INTJ parents

INTJ personality traits are not usually considered ideal as far as parenting is concerned. INTJs tend to be very rational, perfectionistic, and relatively insensitive individuals, which goes against the stereotypical image of warm, caring, traditional parents. However, it could be said that this is simply a reflection of the fact that society is dominated by more sensitive and traditional personality types. In contrast, INTJ parents are more likely to focus on making sure that their children grow up to be able to make independent and rational decisions.

Not surprisingly, people with the INTJ personality type will probably have difficulties supporting their children emotionally. They will be excellent advisors when it comes to planning, rational advice, help with studies, etc., but INTJ parents are unlikely to know how to react when their child asks for their help with a matter that is emotional in nature. INTJs are used to suppressing their own emotions and will struggle if their child is very sensitive. There are many other personality types that have difficulties in this area, but INTJ personalities are likely to find this especially difficult.

That being said, most INTJ parents will be able to ensure that their children are very well prepared to deal with the challenges that life throws their way. They will likely be demanding yet liberal and open-minded parents, encouraging their children to develop and use their own mind instead of trying to protect them from the world as long as possible.

If you would like to learn more about the INTJ parenting style and other personality traits, download the INTJ In-Depth Profile – a 70+ page guide covering a number of diverse topics. Otherwise, please keep reading:

16 Responses to “INTJ parents”

  1. Vandry Reply

    Everything is accurate but this and I think it’s because a mother’s love and instinct is more powerful than even her personality type. I am no doubt a thinker, a judger, intuitive, and introverted. No question. But I am super warm, loving, and affectionate when it comes to my 2 year old.

  2. John Reply

    I’m an INTJ. And I’ve never wanted to have children, even when I was very young I have felt strongly about this. Some of the reasons are that I feel that I will be too strict a father and will end up damaging the child emotionally. I was personally raised by strict parents as well, and I never fully appreciated them until I was an adult, and I now consider them very important and valuable people to me. I feel that raising a child would present the same struggles I went through and the child will constantly struggle to fit in and make friends, while it is something I am getting better at, it was a very real and painful struggle for me. I’m very proud of who I am and what I’ve accomplished, but I see no reason to put someone else through it.

  3. Simone Reply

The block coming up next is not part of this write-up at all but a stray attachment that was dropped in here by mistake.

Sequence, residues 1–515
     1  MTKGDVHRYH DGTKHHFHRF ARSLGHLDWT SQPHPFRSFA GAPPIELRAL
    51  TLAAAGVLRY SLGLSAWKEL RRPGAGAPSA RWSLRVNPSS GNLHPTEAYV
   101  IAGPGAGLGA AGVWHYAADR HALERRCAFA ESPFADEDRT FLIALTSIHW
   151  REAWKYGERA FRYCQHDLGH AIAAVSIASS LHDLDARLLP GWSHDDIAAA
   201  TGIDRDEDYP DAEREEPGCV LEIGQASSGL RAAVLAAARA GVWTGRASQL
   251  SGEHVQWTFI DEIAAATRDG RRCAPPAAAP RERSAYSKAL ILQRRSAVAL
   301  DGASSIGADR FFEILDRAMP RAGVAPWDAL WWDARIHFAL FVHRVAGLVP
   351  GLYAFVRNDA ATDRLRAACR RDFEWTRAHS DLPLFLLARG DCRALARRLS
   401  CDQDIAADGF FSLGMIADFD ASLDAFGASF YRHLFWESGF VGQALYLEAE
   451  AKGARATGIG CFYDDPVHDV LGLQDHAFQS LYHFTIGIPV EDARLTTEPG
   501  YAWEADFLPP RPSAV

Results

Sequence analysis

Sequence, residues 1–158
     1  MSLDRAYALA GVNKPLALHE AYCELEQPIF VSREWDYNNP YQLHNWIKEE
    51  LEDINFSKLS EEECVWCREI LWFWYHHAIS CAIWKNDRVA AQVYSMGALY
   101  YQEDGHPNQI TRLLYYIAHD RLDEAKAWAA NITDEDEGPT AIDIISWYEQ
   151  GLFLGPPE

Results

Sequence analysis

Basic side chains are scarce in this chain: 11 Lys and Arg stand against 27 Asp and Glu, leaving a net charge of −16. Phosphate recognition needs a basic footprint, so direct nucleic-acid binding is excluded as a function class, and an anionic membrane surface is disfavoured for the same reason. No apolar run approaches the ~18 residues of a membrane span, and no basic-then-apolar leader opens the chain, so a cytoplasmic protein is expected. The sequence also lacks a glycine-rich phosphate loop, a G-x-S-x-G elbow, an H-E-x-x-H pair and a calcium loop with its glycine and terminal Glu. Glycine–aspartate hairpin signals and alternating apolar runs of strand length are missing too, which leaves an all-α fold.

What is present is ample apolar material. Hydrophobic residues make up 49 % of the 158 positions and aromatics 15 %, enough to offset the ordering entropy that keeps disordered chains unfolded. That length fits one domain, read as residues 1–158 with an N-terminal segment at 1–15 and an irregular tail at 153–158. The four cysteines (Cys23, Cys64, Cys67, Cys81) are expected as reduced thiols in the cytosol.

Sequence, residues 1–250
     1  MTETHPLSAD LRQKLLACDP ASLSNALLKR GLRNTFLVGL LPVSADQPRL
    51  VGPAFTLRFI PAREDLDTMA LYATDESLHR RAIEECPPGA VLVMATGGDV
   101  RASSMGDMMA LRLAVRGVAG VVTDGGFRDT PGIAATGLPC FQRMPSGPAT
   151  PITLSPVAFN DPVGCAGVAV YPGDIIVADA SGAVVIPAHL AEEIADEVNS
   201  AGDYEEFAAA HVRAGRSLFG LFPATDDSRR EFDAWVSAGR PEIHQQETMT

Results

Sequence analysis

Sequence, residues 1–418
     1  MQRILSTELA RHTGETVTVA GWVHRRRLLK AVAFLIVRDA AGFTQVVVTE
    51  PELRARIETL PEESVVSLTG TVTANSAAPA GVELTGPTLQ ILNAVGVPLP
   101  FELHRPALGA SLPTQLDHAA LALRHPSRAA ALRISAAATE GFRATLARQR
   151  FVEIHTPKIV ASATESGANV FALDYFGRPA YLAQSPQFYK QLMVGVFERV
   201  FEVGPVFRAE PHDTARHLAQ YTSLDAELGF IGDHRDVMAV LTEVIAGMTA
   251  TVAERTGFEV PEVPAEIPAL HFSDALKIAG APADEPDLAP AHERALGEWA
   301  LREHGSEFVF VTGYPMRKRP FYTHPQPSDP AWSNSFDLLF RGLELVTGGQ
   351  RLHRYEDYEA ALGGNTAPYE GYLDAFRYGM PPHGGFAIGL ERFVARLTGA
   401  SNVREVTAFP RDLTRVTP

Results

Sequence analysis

I’m an intj, and my intj dad is the best thing that could have happened to me. We taught each other about affection, geeked out together, and I always felt like I could find a similiar mind in him. Of course, my infj mum was often frustrated by our terrible sarcasm and cruel humour, often at the expense of others, but c’est la vie. It all worked out. My dad always had more trouble with my sister, enfj that she is, but that’s okay, they both really try to connect. I really believe that intjs can be amazing parents, and I don’t want to discourage any of them away from it.

  4. Rachael Reply

    I’m a 26 yr old INTJ. Getting married next year. I’ve been thinking about kids. I used to hate kids! I was the oldest grandkid and never wanted anything to do with babysitting. I just hated the thought of holding a baby and not understanding why it starts to cry for no reason! NO REASON! I don’t mean when hungry or poopy diaper… that’s a reason to cry.
    I’m getting better now that my friends are having babies. For example, the other day I was holding Braydon. He’d start to cry… but then we’d walk into a different room and he’d be fine. He was getting bored! Once I figured out why he was stressing, it was all too easy to keep him happy for an hour.
    Anyways. This has given me a lot to think about! I wonder if my dad is an INTJ and my mom is probably an ESFP. Literally the exact opposite.

  5. S L J Reply

    I’m an INTJ and I have 3 kids. The description above is close to being accurate. I still have the ability to adapt to my kids’ emotional side especially to my youngest who’s a little more sensitive, but I adapt knowing that my son ‘needs’ this from me and because he’s still a young child. But overall, I raise my kids to be independent, to always expect the worst in every situation; allowing them to make their own decisions but with the caveat that they’ll have to endure the consequences; good or bad.